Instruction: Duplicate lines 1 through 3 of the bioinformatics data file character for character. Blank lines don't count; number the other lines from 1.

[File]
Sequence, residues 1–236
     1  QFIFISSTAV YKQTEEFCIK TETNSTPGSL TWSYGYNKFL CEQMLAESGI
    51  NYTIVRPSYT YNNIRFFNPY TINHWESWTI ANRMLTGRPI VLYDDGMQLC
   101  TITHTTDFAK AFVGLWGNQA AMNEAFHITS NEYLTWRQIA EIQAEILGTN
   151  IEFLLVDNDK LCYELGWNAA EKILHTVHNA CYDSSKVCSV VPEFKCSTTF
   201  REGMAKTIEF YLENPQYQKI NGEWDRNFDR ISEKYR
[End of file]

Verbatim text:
Sequence, residues 1–236
     1  QFIFISSTAV YKQTEEFCIK TETNSTPGSL TWSYGYNKFL CEQMLAESGI
    51  NYTIVRPSYT YNNIRFFNPY TINHWESWTI ANRMLTGRPI VLYDDGMQLC